Asian junk remains hot amid volatility
* Investors see value in risky credit despite EU turmoil
* Buyers ignore record low yields for junk bonds
* Fixed income still safer than equities
By Christopher Langner
March 22 (IFR) - The combined order book of US$13bn for US$1.385bn of new bonds from four junk-rated issuers yesterday showed that the Cyprus bailout crisis has done nothing to dent investors' appetite for risky Asian credits, even with yields near record lows.
The four issues came only days after Cyprus rejected the onerous terms of an international bailout, leaving its banking system on the brink of collapse and raising the risk of a first exit from Europe's single currency.
The VIX Volatility Index spiked to around 14 and stock markets remained under pressure all week as investors waited for a resolution.
Still, demand for Asian high-yield asset class has grown. The reason for this is simple: "High-yield is the best place to invest right now," said a credit analyst in Singapore.
The statement was proven in numbers. Indonesian developer Alam Sutera, rated B2/B, sold a US$235m seven-year non-call-four Reg S/144a bond to yield 7.25% on orders of US$4.5bn. Another developer from the Philippines, unrated Filinvest Development, priced a US$300m 2020 bond at 4.25% after drawing demand for US$1.5bn.
Star Energy Geothermal, rated B2/B+, attracted orders of US$4bn for a US$350m paper sold at a 6.125% yield. Bank Rakyat, split rated at Baa3/BB+, sold a five-year Reg S at a yield of 3.125% after getting orders of US$2.65bn.
One private banker in Singapore explained the counterintuitive demand by saying her clients were shunning low-yielding government securities. As for equities, they still remember losses incurred during the 2008 crisis and they do not like the volatility that goes with the asset class.
RISKY BUT STEADY
Indeed, year to date, the JP Morgan non-investment-grade Asian Credit Index (JACI) has seen a maximum close-to-close volatility of 3.7% on the 10-day moving average. Meanwhile, the same measure for the Hang Seng Index has hit 18.5% this year and has not fallen below 5%. The same reading for the S&P 500 index recently peaked at 19.25% and the index's lowest volatility in 2013 was 3.88%.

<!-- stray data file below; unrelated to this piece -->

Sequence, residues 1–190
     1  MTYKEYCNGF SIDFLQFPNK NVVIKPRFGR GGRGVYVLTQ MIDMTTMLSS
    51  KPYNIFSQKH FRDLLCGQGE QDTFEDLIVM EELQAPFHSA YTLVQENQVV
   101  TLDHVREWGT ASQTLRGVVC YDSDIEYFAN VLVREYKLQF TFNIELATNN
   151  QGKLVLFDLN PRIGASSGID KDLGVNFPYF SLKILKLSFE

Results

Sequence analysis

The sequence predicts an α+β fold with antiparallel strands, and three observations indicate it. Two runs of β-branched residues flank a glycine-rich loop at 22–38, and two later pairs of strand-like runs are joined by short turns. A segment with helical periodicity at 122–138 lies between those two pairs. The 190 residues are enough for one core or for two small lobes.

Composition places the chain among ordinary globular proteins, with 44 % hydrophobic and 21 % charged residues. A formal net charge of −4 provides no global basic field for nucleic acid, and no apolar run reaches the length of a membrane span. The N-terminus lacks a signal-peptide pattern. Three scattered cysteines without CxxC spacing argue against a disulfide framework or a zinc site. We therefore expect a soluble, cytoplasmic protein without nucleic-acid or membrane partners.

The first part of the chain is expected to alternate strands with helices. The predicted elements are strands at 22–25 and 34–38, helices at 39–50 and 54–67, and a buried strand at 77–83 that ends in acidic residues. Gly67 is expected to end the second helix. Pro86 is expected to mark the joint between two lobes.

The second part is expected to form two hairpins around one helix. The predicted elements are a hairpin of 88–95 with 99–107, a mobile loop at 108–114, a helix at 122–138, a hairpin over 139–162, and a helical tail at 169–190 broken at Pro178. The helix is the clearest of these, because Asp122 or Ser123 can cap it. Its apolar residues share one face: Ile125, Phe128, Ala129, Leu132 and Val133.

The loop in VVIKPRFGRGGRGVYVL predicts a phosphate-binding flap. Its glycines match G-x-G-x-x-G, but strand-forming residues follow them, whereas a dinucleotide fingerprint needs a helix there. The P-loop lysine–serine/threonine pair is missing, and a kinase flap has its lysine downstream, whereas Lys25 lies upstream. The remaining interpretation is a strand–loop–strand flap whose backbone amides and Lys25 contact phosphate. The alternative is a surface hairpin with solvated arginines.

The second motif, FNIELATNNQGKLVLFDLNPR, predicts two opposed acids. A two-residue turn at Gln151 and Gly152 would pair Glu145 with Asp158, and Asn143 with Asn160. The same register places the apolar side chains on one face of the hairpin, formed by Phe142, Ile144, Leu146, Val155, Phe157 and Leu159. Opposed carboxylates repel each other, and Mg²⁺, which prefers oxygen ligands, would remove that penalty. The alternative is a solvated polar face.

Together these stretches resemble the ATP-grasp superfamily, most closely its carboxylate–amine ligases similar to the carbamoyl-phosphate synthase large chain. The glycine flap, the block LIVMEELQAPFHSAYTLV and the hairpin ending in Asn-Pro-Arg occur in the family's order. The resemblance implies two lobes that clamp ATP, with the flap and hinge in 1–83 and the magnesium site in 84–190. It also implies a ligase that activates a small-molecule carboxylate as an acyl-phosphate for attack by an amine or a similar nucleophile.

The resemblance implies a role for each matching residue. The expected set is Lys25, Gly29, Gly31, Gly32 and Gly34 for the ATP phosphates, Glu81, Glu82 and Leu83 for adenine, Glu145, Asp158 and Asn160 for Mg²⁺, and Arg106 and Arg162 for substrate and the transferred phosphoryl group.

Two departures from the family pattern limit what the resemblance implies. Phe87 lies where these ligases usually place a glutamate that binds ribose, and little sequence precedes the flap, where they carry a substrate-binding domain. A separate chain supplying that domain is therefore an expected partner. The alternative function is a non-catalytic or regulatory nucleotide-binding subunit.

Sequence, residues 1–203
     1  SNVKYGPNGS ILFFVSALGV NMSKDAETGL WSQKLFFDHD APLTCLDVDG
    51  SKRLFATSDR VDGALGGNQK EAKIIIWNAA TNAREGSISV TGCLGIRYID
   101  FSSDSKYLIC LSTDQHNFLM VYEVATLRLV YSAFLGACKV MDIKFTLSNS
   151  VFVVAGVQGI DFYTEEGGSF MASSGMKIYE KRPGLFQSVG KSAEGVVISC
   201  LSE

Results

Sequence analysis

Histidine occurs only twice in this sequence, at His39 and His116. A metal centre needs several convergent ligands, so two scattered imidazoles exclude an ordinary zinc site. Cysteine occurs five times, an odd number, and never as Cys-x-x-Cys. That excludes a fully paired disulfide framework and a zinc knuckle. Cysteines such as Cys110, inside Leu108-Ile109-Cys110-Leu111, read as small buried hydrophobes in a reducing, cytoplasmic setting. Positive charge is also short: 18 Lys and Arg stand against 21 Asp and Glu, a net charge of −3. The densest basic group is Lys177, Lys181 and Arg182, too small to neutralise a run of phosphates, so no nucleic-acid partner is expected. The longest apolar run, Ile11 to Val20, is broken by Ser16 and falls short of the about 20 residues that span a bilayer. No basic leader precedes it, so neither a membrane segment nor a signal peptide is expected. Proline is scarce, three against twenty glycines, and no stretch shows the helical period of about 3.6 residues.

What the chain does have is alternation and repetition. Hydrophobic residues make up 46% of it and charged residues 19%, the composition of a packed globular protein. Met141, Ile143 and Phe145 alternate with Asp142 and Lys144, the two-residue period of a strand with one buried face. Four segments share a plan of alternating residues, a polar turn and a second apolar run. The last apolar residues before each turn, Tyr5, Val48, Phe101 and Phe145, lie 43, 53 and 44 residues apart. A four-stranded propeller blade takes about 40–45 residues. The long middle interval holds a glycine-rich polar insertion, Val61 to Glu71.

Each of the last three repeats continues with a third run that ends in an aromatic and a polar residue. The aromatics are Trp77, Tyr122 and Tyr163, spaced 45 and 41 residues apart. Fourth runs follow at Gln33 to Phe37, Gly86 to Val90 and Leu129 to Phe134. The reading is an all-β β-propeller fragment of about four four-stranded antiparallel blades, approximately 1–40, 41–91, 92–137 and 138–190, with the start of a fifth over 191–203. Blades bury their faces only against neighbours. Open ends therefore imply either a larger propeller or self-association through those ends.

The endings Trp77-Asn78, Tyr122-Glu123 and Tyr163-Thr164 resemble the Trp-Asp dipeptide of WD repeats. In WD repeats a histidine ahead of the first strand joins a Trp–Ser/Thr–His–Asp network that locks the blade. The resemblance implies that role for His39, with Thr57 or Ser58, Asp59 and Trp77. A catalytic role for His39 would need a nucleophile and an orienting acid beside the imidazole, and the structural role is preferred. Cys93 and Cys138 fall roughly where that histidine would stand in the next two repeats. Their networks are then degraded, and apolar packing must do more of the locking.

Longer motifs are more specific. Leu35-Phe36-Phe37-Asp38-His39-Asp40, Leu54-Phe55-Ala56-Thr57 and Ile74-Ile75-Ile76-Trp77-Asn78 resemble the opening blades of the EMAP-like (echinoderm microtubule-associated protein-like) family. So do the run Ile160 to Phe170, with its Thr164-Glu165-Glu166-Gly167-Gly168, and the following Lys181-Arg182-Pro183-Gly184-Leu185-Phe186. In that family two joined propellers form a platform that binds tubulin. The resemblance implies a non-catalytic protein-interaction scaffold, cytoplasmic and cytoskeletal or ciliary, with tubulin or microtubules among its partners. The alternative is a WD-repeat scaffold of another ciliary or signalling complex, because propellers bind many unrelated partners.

For a graphic of the volatility in the non-IG JACI vs the Hang Seng Index please click on this link: reut.rs/YqbSLE
The volatility in equities is especially worrisome for private banking accounts and hedge funds, which, in Asia, have been making increased use of leverage. For those using borrowed money to invest, the predictability of return is very important, since brokers trigger margin calls if the value of the assets falls a certain amount, usually around 10%.
While such swings are not uncommon in the equity markets, they occur much less often in high-yield credit. On March 4, for instance, trading in the shares of most Chinese developers was halted in Shanghai as the property sub-index dropped 10% in one day. Meanwhile, the dollar bonds of the same companies, most rated below investment-grade, dropped less than 1.5%.
Fixed-income investments also offer a better chance of recovery in case the company gets into financial trouble because bondholders have precedence over shareholders in liquidation proceedings.
Investors remain upbeat about the potential for returns from the sector, in spite of the strong performance logged recently. The non-IG JACI has returned 14.4% in the past 12 months, and the average yield on the index dropped to one of its lowest levels of all time at 5.73% last week, at the same time as the average maturity on it was extended to 9.7 years.
Yet, a high-yield portfolio manager in Chicago said that, while yields on US junk bonds were at all-time lows, their spread over Treasuries - another preferred measure of risk - was hovering around 500bp, well above the all-time low of near 260bp. Default rates were at recent lows, which added to the safety of the investment, said the portfolio manager.
Nevertheless, for all the apparent advantages, Asian investors may be taking a rosy view of the asset class and piling on more risk than they realise. After a strong run in the past two years, prices of junk bonds are more likely to drop than to rise, while default rates may rebound from historical lows.
Being atop the capital structure may bring little advantage, either. Most high-yield bonds in Asia are from China or Indonesia, where bankruptcy procedures are unpredictable.
Yet, as one private banker in Singapore said: "If you can afford to hold these bonds to maturity and you are comfortable with the credit, they are the best you can get now." (Reporting By Christopher Langner; Editing by Steve Garton)
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